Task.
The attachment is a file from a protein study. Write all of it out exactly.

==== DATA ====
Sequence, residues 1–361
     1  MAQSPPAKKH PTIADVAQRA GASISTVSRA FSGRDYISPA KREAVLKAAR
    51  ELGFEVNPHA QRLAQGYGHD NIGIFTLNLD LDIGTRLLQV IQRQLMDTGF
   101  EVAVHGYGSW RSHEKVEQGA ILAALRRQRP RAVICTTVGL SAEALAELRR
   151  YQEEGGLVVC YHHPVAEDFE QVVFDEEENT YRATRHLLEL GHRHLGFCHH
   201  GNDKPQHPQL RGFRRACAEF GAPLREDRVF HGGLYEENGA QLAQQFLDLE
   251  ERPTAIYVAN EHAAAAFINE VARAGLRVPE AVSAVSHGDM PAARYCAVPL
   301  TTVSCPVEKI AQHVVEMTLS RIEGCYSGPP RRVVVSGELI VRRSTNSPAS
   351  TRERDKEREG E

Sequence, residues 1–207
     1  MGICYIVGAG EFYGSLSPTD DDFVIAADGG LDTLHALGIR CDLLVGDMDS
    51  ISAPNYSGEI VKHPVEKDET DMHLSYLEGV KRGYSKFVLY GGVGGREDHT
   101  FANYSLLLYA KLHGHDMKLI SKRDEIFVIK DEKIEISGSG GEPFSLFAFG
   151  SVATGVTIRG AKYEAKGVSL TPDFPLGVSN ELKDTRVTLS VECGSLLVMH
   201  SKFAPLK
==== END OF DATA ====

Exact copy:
Sequence, residues 1–361
     1  MAQSPPAKKH PTIADVAQRA GASISTVSRA FSGRDYISPA KREAVLKAAR
    51  ELGFEVNPHA QRLAQGYGHD NIGIFTLNLD LDIGTRLLQV IQRQLMDTGF
   101  EVAVHGYGSW RSHEKVEQGA ILAALRRQRP RAVICTTVGL SAEALAELRR
   151  YQEEGGLVVC YHHPVAEDFE QVVFDEEENT YRATRHLLEL GHRHLGFCHH
   201  GNDKPQHPQL RGFRRACAEF GAPLREDRVF HGGLYEENGA QLAQQFLDLE
   251  ERPTAIYVAN EHAAAAFINE VARAGLRVPE AVSAVSHGDM PAARYCAVPL
   301  TTVSCPVEKI AQHVVEMTLS RIEGCYSGPP RRVVVSGELI VRRSTNSPAS
   351  TRERDKEREG E

Sequence, residues 1–207
     1  MGICYIVGAG EFYGSLSPTD DDFVIAADGG LDTLHALGIR CDLLVGDMDS
    51  ISAPNYSGEI VKHPVEKDET DMHLSYLEGV KRGYSKFVLY GGVGGREDHT
   101  FANYSLLLYA KLHGHDMKLI SKRDEIFVIK DEKIEISGSG GEPFSLFAFG
   151  SVATGVTIRG AKYEAKGVSL TPDFPLGVSN ELKDTRVTLS VECGSLLVMH
   201  SKFAPLK